Friday, July 5, 2013

Moonlight in Odessa by Janet Skeslien Charles

www.jskesliencharles.com
Released: September 2009

Moonlight in Odessa is Janet Skeslien Charles' debut novel, and a sensational one at that. I had won a copy of this novel during Fall 2010 after participating in a blog giveaway, but ended up packing it away for 3 years while I spent time traveling. After having settled down for a bit and unpacked boxes of books, I found myself drawn to this book's synopsis. Once I started reading Moonlight in Odessa, I was addicted.

Daria is the oldest 23-year-old you'll ever meet. Growing up in modern Ukraine post-perestroika, Daria has committed herself to learning fluent English and IT computer skills so she can have a professional advantage over her desperate Ukrainian peers. However, despite her hard work and superior office skills, Daria only makes enough money to support her and her grandmother, with whom she shares a tiny apartment just outside the busy Odessa city limits.

Dedicated to keeping her well-paying job (well-paying by Odessa standards) at an Israeli shipping company, Daria politely and discreetly refuses the barrage of sexual advances made by her boss, Mr. Harmon. Also refusing to have ties with the Ukraine mafia, Daria tries to stave off (but fails miserably) her attraction to the powerful and sexy mafia leader Vladimir "Vlad" Stanislavski.



Thinking that blowing off Mr. Harmon's sexual advances will eventually leave her without a job, Daria begins moonlighting at a matchmaking mail-order bride company called Soviet Unions - a company that pairs American men with Ukraine women. When Daria begins translating English for her clients, she meets a kind, loving man named Tristan who promises that he can fulfill her dreams of going to America if only she marries him and leaves her life in Ukraine behind for good.

At first glance, Moonlight in Odessa sounds like a light, romantic, happy-ending romp to while away a summer weekend. Even the book's cover deceptively promises rainbows and happily-ever-after. But guess again - this novel is NOT HAPPY! Well, okay, so it IS, but not in the cotton-candy way you might expect.

First of all, you'll be drawn to the story as a result of the laid-back (yet very educational) presentation by Daria on Ukraine life and culture. Before I read Moonlight in Odessa, I'll shamefully admit I knew NOTHING about contemporary Ukraine culture and the effects perestroika had had on the economy. I'm disgusted that with all the public education I've ever received in my life, I've never had the pleasure of learning about cultures in other countries. The information Daria divulges about Ukraine culture is shocking, yet fascinating; devastating, yet awe-inspiring.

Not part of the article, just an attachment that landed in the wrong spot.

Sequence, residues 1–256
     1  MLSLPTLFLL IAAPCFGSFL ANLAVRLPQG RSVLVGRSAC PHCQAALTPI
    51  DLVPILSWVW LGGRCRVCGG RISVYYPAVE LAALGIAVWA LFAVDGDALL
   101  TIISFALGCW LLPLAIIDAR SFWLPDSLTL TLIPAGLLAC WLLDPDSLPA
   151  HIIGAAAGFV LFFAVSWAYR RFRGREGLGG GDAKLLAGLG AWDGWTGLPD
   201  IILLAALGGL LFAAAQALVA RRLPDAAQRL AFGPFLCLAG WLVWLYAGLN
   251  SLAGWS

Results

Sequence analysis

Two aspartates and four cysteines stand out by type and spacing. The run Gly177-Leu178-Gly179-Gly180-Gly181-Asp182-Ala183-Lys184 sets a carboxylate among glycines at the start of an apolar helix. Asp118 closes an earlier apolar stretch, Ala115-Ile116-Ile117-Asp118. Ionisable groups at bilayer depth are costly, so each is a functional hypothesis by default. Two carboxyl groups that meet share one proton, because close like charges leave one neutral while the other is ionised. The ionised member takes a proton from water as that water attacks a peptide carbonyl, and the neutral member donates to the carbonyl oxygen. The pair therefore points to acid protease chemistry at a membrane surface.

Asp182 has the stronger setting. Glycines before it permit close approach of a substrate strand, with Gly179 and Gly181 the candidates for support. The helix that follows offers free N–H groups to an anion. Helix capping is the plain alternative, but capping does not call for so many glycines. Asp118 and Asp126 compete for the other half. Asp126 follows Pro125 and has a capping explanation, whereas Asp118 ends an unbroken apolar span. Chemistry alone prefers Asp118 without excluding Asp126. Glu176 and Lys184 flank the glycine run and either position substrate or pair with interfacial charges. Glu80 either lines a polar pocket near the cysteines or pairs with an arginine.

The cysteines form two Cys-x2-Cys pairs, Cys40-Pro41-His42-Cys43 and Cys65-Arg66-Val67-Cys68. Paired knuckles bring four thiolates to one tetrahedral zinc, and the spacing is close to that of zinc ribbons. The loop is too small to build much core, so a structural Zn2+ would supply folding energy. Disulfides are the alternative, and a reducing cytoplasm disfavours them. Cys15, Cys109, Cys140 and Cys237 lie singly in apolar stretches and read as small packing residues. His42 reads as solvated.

For the first few chapters of Moonlight in Odessa, I didn't care about Daria and her love-life. The romance factor is not what drove me to keep reading this book. Instead, I was more interested in learning about Odessan culture and about Daria's lifestyle in Ukraine.

The novel picks up in pace significantly when Daria moves to America. Her relationship with Tristan is gut-wrenching and painful to read about, and it's not hard to sympathize with Daria, especially given her true and honest intentions regarding love and marriage.

Even as I write this review, I'm still pondering whether or not I am satisfied with Daria's outcome and "happy ending." Daria's character is so genuine, smart, honest, and good that I wanted her to have the moon. I guess the ending of Moonlight in Odessa goes to show that life is never perfect - even in fiction.



The amusing parts of Moonlight in Odessa were Daria's numerous pokes and jabs about American culture - especially the diet and obesity references. Oh, Charles, you had me cracking up. I can only imagine what other countries and cultures say behind our backs about our obesity epidemic and the way Americans thrive on junky, processed food as opposed to fruits and vegetables. I absolutely loved any comments Daria had about this particular topic.

If you're looking for some light "chick-lit" fun, Moonlight in Odessa will probably be a bit too heavy for you. On the other hand, if you want to read a tasteful, unique, and very educational story about the hard lives women in some countries lead, then you better read Moonlight in Odessa for a fresh outtake on life.

You might also want to try Dancing in Odessa by Ilya Kaminsky, The Hunger Angel by Herta Muller, A Long, Long Time Ago and Essentially True by Brigid Pasulka, and Those Who Save Us by Jenna Blum.

Click on any of the images of the books below to review them in more detail on Amazon.com.



Have you ever read a novel about a foreign culture that completely fascinated you? If so, let us know in the comments section below! 

1 comment:

  1. Can't wait to read. Love the doll on the cover

    ReplyDelete

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